Night rescue by Air Zermatt on the Matterhorn
Air Zermatt, in cooperation with the Zermatt rescue station, evacuated two Polish alpinists on the Matterhorn in the early hours of Thursday morning. The two climbers had sent out a call for help on Wednesday evening. However, due to fog, a rescue was neither possible on foot nor by helicopter. It was not until Thursday morning that the rescuers managed to evacuate the two climbers.
Two mountaineers from Poland climbed the Matterhorn on Wednesday. On their descent from the summit, the two took a wrong route at an altitude of around 3600 metres and were blocked in the face of the Matterhorn. Around 8 p.m., the two alpinists were heard calling loudly for help. They also made an emergency call by telephone. However, a rescue by helicopter was not possible due to the heavy fog on the Matterhorn. A rescue by a rescuer on foot was also unsuccessful due to impassable terrain. Therefore, the alpinists had to spend the cold night on the Matterhorn in snowfall.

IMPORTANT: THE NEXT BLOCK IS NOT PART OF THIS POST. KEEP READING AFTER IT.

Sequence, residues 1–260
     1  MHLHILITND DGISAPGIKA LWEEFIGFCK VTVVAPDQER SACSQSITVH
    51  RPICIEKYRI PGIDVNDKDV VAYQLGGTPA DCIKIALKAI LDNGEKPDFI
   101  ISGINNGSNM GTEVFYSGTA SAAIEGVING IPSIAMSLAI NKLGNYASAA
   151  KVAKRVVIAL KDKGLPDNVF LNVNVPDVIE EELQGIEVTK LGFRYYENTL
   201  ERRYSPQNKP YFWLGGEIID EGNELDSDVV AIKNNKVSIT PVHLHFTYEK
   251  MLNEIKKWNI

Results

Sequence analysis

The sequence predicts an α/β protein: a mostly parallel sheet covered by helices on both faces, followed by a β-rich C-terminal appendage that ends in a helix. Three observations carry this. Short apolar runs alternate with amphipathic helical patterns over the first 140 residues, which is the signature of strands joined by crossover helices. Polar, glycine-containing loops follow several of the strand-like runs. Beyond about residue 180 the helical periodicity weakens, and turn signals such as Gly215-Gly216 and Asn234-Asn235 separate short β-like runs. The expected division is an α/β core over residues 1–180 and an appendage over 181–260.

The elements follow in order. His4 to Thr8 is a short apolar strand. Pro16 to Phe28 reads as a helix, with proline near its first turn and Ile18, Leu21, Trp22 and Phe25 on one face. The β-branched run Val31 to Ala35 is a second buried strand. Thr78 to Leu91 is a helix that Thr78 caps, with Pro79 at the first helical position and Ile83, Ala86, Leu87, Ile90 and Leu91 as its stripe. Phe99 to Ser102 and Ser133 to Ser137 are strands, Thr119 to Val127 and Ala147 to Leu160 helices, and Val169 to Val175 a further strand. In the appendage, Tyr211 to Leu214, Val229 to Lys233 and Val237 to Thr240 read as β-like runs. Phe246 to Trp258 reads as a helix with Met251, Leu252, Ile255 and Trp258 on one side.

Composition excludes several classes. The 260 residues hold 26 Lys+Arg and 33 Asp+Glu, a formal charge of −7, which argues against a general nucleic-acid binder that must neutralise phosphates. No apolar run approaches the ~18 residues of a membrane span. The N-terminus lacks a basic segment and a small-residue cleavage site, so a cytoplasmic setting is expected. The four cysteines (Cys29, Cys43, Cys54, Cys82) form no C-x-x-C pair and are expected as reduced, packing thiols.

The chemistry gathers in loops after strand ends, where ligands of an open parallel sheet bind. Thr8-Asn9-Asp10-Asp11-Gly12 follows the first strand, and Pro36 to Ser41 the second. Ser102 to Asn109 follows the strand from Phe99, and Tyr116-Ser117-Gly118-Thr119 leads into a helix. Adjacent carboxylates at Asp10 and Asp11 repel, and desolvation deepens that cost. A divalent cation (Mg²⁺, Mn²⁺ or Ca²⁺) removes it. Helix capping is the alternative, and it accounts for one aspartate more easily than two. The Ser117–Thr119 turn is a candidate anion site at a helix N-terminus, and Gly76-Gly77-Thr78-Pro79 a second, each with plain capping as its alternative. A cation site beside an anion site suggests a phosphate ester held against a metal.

At around 04.00 in the morning, one of the two alpinists made another emergency call, saying that his colleague was no longer moving and had frozen to death. Due to the weather, it was not until around 05.00 a.m. that an Air Zermatt rescue crew and two rescue specialists were finally able to take off for the Matterhorn. During the search flight, only one of the two alpinists was found at first. The latter informed the rescuers that his colleague above him was in urgent need of help. Hiding under a rocky outcrop, the rescue crew found the second alpinist. The Polish alpinists were evacuated from the Matterhorn and flown to the helicopter base in Zermatt. Both alpinists escaped unhurt and ultimately without frostbite.
Due to the weather, the rescue could only be carried out on Thursday in the early morning hours. (Photo: Martin Lehner)